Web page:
How famous do I want to be

How famous do I wanna be?

There was a point in my career that I used to do extended research on every single artist I was curious about. I’d research musicians from around the way that were a step or two ahead of me and try to figure their stories out. “Why is so-and-so on such-and-such blog? How’s what’s-his-name book that venue? How’d she get her Twitter verified?” I’d do the same for artists I thought deserved more fame. “He’s not higher on this festival bill? More people haven’t listened to this track?” I thought that maybe i’d learn something about my career path if I studied the career paths of others. In actuality, there’s no way to explain why artist A can’t break out of their local market and artist B is on every stage at SXSW. The moment I realized that, I stopped making comparisons, except for one artist.

I remember my first tangible encounter with the incredible talent that is James Fauntleroy. Most of my early rotations of G.O.O.D. Music’s “Clique” were spent trying to convince my peers that Big Sean deserved to be on a track with Jay and Kanye. It wasn’t until some friends of mine and I sat around singing the intro in three-part harmony (as a cappella kids do) that I decided to google the lyrics to the intro. “Is this Frank Ocean?” I asked myself, pulling out my phone to look it up. “James Fauntleroy? He wrote for Rihanna so he must be doing something right.” I put the phone back in my pocket and kept it moving.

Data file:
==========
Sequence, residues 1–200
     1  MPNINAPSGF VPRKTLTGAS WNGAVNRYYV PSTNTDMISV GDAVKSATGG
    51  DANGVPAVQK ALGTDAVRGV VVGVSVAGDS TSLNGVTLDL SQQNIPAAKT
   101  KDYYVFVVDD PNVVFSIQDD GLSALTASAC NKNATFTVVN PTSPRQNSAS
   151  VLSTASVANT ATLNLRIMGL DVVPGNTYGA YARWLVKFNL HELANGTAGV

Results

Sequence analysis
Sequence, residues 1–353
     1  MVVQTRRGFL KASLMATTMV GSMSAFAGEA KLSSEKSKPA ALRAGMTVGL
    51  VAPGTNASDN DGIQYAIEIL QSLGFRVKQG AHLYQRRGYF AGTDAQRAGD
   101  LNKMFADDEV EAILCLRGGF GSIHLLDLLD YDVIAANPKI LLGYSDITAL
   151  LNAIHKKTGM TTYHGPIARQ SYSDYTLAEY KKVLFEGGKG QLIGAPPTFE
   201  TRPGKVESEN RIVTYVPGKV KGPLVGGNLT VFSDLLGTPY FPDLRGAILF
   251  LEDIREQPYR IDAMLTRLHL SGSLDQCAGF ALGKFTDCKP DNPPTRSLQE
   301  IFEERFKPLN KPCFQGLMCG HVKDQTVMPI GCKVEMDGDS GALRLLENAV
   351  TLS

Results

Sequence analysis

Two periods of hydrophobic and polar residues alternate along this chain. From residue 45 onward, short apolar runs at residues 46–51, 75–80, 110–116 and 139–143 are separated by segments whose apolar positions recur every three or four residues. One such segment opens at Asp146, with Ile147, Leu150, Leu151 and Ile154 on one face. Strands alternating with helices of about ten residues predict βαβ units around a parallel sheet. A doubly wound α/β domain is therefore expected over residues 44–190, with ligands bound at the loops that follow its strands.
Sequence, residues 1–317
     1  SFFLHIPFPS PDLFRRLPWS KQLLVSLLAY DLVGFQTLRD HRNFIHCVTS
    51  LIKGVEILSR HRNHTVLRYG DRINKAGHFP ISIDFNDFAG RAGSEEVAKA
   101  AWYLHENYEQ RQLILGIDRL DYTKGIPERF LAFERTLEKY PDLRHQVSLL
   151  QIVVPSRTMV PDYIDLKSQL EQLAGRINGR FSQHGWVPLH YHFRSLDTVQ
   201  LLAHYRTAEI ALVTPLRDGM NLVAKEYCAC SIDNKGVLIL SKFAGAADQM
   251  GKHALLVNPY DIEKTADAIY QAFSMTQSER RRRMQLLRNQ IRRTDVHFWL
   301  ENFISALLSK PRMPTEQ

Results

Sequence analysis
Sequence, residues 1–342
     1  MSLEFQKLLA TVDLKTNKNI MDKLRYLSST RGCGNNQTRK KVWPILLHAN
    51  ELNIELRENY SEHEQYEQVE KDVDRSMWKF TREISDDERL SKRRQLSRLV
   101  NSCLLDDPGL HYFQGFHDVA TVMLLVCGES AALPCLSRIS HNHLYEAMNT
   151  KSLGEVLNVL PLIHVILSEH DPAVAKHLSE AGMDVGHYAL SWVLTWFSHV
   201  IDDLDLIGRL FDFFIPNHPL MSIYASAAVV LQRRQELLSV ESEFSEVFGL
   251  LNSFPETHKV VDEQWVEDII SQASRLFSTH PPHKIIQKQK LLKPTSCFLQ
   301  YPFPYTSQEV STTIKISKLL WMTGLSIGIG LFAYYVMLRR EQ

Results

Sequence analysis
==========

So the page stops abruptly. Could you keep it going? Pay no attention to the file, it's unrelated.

Looking back, 2013 came, went, and it seemed like I kept coming back for his hooks. I had “Sierra Leone” from Hall of Fame on repeat. I bopped to Cole’s “Born Sinner”, wondering why an artist had his twitter handle on a tracklist. I got introduced to the off-the-beaten path sound that was Cocaine 80s. When I got around to researching the liner notes for JT’s latest album(s), I was floored that this guy had a songwriting credit on damn near every single song! Pusher Love!? THAT GIRL!? I was naively one of Fauntleroy’s biggest fans three years ago and the secret was so well kept that I didn’t even know.

It’s easy to look back on it now, hindsight’s 20/20 (pun intended). This guy had co-written the album that pretty much redefined my approach at making music and I barely knew who he was. At the time though, it wasn’t just his musical ability that intrigued me, it was also his lifestyle. Here’s a guy working with all of my favorite artists, and more. He’s assumingly making a comfortable amount of money while also giving away gems on SoundCloud to a more than appreciative fan base. He's also alleviated of all of the bs that comes with fame. I’d be willing to predict he was living his dream, and for a really long time I was afraid to admit that maybe, just maybe, he was living mine as well.
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